Elder sisters and brothers also assist their mother in upbringing the younger child (Fig. 12.3). They can do this only, when they, too, feel affection for their younger brother, and, are prepared to make sacrifice for his good.
In an environment, where this kind of, action- reaction, charged with a feeling of affection, does not exist, the child can never grow into a social being in the real sense of the word.
The trio authors of the book ‘Child Development and Personality’, write that if during the first year a child experiences external neglect, “there may be irreparable damage to the child’s capacity for development” and “interpersonal relations in the future. His reactions to his mother form the nucleus of his later behaviour toward others.”
Judith Rich Harris, a recipient of “George A Miller Award”, in her recent book, published in 1998, has made a heretic blast that Mom and Dad are not paramount, and that, the other kids on the playground, matter more. Over-protection and over-nurturing are equally harmful to the process of making a child social and developing in him desirable social qualities.
By nature, a child happens to be jealous of others. He cannot tolerate others to possess, what is denied to him, and, what he himself would like to possess. A child who is not yet two years old, may be seen snatching his toy whenever someone else takes it.
He may be seen protesting through crying or throwing out his legs and hands, when some other baby is picked up by his mother in her arms, he even cannot tolerate his mother to share her affection with someone else.
In most cases, jealousy is “a normal response to actual, supposed or threatened loss of affection.” Such sort of jealousy is a strong antisocial feeling, which would develop into rivalry if no proper channelization is given to it.
Jealousy is a divisive emotion, which is strong enough to split a family, if it continues in the growing child. Sewall, M in the book Two Studies of Sibling Rivalry: Some Causes of Jealousy in Young Children has also suggested how to avoid jealousy—good interpersonal relations in the home, consistency in discipline, reassuring affection and continued gratification of the older child’s basic needs—are the means.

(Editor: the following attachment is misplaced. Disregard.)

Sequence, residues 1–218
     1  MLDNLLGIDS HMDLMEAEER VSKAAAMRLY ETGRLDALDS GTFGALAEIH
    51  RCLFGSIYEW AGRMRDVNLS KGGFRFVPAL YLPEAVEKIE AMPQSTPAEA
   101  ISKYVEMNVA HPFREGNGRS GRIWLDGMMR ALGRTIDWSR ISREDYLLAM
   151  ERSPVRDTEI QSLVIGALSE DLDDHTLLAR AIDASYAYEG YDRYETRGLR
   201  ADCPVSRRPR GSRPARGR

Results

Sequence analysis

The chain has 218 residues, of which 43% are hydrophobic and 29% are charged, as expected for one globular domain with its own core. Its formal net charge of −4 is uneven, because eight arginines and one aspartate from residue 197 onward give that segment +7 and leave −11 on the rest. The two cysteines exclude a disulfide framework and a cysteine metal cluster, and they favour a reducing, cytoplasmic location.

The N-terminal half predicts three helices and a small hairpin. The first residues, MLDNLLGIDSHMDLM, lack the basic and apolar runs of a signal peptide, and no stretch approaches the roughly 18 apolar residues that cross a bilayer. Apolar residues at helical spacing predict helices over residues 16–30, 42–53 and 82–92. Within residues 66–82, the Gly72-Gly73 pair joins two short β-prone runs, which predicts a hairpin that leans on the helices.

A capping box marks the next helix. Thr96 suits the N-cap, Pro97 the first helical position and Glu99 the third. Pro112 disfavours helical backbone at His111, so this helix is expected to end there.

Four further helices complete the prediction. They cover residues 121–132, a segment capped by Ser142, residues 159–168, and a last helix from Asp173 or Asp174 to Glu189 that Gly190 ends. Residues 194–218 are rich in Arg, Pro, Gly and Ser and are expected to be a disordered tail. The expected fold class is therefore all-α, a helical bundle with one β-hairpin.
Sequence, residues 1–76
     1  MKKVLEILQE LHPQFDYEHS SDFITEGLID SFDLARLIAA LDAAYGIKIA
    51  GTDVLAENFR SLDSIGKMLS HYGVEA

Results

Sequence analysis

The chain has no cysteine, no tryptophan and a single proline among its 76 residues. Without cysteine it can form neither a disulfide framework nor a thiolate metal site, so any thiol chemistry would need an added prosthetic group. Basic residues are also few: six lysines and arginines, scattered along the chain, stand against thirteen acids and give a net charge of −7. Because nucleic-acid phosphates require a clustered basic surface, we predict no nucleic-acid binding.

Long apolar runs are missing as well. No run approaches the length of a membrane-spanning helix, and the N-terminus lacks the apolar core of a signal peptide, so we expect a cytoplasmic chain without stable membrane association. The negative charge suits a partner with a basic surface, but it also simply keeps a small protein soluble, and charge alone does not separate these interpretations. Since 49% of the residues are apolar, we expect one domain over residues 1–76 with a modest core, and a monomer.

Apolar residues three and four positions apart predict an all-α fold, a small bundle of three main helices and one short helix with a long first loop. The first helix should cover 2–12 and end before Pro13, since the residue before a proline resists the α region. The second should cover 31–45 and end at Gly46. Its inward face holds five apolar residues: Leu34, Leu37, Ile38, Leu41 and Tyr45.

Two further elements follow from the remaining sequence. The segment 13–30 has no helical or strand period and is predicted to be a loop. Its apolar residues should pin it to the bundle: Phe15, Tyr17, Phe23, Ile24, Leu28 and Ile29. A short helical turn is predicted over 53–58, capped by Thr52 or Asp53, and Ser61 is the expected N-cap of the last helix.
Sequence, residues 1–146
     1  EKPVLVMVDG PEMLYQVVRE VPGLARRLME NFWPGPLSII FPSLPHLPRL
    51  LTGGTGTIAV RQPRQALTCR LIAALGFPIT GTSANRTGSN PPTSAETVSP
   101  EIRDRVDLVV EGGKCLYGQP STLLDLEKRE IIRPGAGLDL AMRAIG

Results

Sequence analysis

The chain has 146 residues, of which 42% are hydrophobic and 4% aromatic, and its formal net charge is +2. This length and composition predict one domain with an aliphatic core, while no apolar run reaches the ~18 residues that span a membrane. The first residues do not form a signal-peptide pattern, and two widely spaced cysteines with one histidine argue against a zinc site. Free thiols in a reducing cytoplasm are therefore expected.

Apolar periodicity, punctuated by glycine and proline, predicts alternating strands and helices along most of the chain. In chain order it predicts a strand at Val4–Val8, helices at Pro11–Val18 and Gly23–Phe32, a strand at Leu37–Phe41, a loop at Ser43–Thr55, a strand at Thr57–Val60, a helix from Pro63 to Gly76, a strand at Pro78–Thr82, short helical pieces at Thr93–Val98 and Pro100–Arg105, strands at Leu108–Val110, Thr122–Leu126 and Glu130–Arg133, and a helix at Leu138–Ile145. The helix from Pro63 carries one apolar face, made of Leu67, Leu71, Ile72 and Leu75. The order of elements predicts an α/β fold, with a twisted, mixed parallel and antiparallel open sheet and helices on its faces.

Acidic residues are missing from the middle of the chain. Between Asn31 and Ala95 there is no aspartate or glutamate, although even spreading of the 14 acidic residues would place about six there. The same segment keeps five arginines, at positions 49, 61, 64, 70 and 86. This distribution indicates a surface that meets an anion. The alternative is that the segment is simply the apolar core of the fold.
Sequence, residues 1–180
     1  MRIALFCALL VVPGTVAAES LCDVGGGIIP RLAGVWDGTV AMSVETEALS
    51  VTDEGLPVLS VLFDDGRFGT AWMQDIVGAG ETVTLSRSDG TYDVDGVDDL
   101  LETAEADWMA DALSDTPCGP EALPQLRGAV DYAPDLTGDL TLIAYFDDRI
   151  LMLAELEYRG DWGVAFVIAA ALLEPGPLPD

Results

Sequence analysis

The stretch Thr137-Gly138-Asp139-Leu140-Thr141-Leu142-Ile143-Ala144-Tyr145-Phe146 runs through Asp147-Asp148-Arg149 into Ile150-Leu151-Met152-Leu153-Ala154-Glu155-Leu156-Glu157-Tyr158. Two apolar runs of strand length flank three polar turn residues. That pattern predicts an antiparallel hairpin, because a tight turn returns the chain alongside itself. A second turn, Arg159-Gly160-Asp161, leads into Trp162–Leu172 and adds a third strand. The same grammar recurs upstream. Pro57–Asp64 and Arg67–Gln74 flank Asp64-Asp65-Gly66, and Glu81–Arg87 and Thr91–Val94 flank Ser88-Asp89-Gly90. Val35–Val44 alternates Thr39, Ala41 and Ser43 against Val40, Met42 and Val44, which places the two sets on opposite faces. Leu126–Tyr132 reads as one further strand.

Its antidote is the feeling of co-operation. From the very beginning, a child should be persuaded to co-operate in his sibling’s activities. A child should never [even when he is a school-going child] be taught only to excel others, to go ahead of others at any cost; but should be taught to co-operate in the efforts of others, and thus, assist them in improving themselves.
Co-operating with others is an important social quality, which has enabled society to achieve so much, in the form of civilisation and culture. A good family provides a very congenial environment for the child to imbibe the spirit of co-operation.
In the family, he sees each member of it co-operating with the other in a work. A family has to perform a lot many duties; it becomes possible, only with the co-operation of each member. Parents and elders should see to it that this important social virtue extends its field of operation beyond the family.
That is, into the wider society wherein the child has to move and work later on. The energy, which the emotion of jealousy would be otherwise generating, will, then be utilised in the co-operative efforts being done in the interest of many.
Courtesy is a must for the smooth functioning of society. It is essential for strengthening the social bonds, which keep the society united. Why is so much emphasis being given on the teaching of manners? It is because, good manners relate one to the other; one may be moved to co-operate with the other, as an impact of good manners only.
Moreover, good manners are the yardstick to assess how much civilized a society is. Again, the first school for the teaching of good manners is the family. And, courtesy is the axis, around which our manners must revolve.
Courtesy is an acquired quality like some other social qualities. The child acquires it, in imitation to others, to his seniors especially. And, when he finds courtesy to be helpful in getting a thing done, he adopts courteous manners.
A growing child’s experiences teach him that, what cannot be achieved through coercion, can be achieved through requests made politely. Such experiences of the child reinforce his courteous manners.
The mother, as the first teacher of the baby, and other elderly members of the family, should teach the child consciously, and painstakingly, good and courteous manners, mostly through their own practice, and, sometimes may be through preaching. Good manners have become a part of the school curriculum.
Obedience to elders, to seniors, is an important social virtue, which the family has a duty to inculcate in a child. If willing and sincere obedience is not there, family will fail to perform its functions. Obedience is the response for co-operation. If the seniors cannot command obedience of their juniors, of their younger’s, there will be arbitrariness, pursuit of individual interests only, and breaking down of the social fabric.